Arpege, Paris

At about 4 p.m. owner Alain Passard sat at a table in his restaurant, Arpege, smoking a Rafael Gonzalez Lonsdale and sipping a 100-year-old Malvasia Madeira. The lunch service was over-except for a handful of people also puffing away on cigars and drinking espressos--and Passard was taking his daily ritual of savoring a good cigar after each service and reflecting on how it all went at his two-star restaurant.

There wasn't much to think about. Passard does most of the cooking himself, leaving very little to chance. After studying 17 years under the extremely talented Alain Senderens, another chef/cigar aficionado, now at Lucas Carton, Passard has the same light touch for spices and a pinpoint accuracy in focusing on the ingredients in his cuisine. In fact, he bought Arpege from his mentor in 1984 when Senderens left in search of three-stars at Lucas Carton.

"I don't want my food to be marred by these chi-chi sauces or anything else," Passard explains, taking a drag off his cigar and then a tiny sip of the Madeira. "What I want in my cooking is to emphasize the food itself. It should be light and flavorful." The starters, of a soft-boiled egg with a light cream sauce served in its own shell and a delicate spicy soup of freshwater crab, were exquisite; however, the moussaka of lamb with Asian spices highlighted Passard's feather-light style. Moussaka is notoriously heavy and bland, but Passard's rendition was intensely flavored, and the spices, minced lamb and eggplant worked together in perfect harmony. My lunch companion's pan-seared salmon in a light spicy sauce with celeriac crepes was equally flavorful.

The wine list at Arpege is top flight and extremely well priced. There are plenty of great bottles of Champagne, Bordeaux and Burgundy with a vast range of vintages from key producers. Red Burgundies are particularly well selected, with excellent wines from Faiveley, Jacques Seysses's Domaine Dujac and Domaine de la Romanée Conti. However, what makes this list special is the selection of extremely interesting wines from the Midi and southwest France, which represented incredibly good bargains. We started with a dry white from Jurancon, a 1989 Domaine Bellegarde. Rich and round with perfumed fruit flavors, it was a perfect aperitif and went well with the appetizers. For the moussaka and salmon, the sommelier recommended a 1987 Madiran from Alain Brumont's Château Montus. A lighter vintage, the rich yet elegant red, was an excellent accompaniment to our main courses. Combined, the wines came to only 220 francs ($40)--unheard of in a Guide Michelin two-star restaurant.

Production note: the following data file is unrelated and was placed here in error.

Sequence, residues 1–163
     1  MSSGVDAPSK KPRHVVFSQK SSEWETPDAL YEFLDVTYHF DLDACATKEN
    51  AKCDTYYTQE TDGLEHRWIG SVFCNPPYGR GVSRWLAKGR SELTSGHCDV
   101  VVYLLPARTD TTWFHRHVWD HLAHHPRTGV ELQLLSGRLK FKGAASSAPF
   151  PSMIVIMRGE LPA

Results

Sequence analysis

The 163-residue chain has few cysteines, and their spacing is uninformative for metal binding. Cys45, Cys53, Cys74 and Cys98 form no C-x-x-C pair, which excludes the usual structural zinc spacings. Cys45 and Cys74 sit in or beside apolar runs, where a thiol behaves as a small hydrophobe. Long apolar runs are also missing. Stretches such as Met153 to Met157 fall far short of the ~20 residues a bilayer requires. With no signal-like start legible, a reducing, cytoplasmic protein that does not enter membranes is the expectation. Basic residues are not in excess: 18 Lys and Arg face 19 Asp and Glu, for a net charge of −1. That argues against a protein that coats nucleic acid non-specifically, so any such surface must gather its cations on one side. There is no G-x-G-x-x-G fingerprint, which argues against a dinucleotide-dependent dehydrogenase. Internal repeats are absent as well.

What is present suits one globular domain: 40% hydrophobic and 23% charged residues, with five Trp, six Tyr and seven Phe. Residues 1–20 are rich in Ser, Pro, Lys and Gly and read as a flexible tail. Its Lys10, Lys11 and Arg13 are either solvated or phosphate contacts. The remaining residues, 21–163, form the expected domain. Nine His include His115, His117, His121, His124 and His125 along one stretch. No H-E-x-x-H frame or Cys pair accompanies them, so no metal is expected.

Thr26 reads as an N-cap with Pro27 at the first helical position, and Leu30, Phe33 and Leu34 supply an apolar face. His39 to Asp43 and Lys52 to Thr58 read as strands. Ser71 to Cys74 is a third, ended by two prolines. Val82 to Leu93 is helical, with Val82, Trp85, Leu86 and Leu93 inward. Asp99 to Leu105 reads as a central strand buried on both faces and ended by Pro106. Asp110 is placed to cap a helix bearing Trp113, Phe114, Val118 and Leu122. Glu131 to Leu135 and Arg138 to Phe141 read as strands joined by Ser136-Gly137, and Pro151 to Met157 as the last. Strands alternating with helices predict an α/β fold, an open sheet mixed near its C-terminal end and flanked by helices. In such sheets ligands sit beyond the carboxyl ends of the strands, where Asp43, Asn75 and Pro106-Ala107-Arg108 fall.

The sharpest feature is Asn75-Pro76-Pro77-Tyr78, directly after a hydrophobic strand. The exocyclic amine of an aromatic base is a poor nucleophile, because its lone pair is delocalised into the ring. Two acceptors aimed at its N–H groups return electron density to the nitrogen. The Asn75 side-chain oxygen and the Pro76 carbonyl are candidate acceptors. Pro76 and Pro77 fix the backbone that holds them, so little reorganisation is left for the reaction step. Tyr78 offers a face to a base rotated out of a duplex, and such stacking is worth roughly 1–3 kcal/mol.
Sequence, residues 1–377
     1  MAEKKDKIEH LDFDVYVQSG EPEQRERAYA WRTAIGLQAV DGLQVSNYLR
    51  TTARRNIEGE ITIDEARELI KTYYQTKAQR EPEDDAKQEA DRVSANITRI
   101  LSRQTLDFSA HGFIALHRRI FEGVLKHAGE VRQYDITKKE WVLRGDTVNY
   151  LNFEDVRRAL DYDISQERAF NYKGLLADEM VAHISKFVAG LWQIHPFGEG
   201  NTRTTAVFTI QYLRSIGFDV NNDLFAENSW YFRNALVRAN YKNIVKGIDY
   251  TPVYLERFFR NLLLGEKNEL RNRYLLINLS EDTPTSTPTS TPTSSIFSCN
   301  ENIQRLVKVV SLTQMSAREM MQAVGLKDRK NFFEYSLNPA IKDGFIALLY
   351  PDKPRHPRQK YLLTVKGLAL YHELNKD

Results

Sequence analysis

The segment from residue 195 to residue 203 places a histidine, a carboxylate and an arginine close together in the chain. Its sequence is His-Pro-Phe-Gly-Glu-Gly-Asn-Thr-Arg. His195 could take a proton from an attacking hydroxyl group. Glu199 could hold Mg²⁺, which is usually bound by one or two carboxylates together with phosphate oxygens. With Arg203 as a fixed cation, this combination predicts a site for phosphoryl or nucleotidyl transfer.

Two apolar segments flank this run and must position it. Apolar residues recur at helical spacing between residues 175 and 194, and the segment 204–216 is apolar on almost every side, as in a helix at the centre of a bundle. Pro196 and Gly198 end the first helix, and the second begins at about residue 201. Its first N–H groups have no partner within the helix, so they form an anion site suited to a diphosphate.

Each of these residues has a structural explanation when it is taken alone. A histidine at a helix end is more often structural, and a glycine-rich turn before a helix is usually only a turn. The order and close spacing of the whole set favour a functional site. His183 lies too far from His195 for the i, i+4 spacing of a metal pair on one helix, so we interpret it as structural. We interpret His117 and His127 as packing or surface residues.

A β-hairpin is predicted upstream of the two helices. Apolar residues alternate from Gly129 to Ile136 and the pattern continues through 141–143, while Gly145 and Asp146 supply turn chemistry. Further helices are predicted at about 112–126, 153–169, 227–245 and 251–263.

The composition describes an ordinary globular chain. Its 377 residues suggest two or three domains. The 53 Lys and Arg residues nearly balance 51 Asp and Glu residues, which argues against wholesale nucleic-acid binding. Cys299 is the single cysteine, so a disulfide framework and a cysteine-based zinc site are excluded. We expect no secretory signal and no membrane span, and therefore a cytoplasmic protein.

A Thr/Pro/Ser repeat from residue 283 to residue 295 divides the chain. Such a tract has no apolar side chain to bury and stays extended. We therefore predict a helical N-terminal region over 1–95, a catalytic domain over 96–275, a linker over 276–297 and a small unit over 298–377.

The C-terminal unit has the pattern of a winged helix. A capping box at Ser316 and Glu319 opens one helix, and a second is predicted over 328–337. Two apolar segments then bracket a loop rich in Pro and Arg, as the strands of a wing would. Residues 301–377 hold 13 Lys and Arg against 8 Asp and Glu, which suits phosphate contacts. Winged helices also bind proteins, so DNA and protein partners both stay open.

It's all par for the course for Passard, however. He doesn't seem too concerned about what people think. The interior of his restaurant is very simple with walls lined in pear wood and the remainder of the restaurant painted in light, warm earth tones, giving the interior an almost Southwest American feel. The only thing on the walls is a single photograph of a woman in one corner of the restaurant. It's a portrait from the '30s or '40s of Passard's grandmother, who was also a chef and after whom he named his special duck dish: canard Louise Passard.

Passard insists on keeping his decor to a minimum, which is understandable since there's only space for a couple dozen customers each service. "You have to have space in restaurant," he says. "The last thing you want is to feel confined in a restaurant where you'll be sitting at a table for three or four hours."

The open space also makes Arpege a cigar smoker's paradise since it assures good ventilation. The selection of cigars is good (all Cuban), kept in a humidified cabinet near the entrance. The restaurant has a slightly irritating policy of offering customers a few cigars from a small silver platter instead of a humidor. I would prefer to look at the whole selection of cigars myself and then choose. But it didn't matter the day I was there. My friend had brought some seven-year-old H. Upmann Sir Winston Churchills, and after lighting up and smoking for awhile, both Passard and his maître d'hôtel, Dany Vidie, came over to ask what we were smoking. When told, they went away and came back with similar cigars, and we had an impromptu cigar tasting. A large cloud of smoke quickly surrounded our table, and the cigar conversation continued for some time. You get the impression that Passard is often smoking cigars with clients after lunch or dinner--making Arpege one of the most cigar friendly restaurants in Paris.


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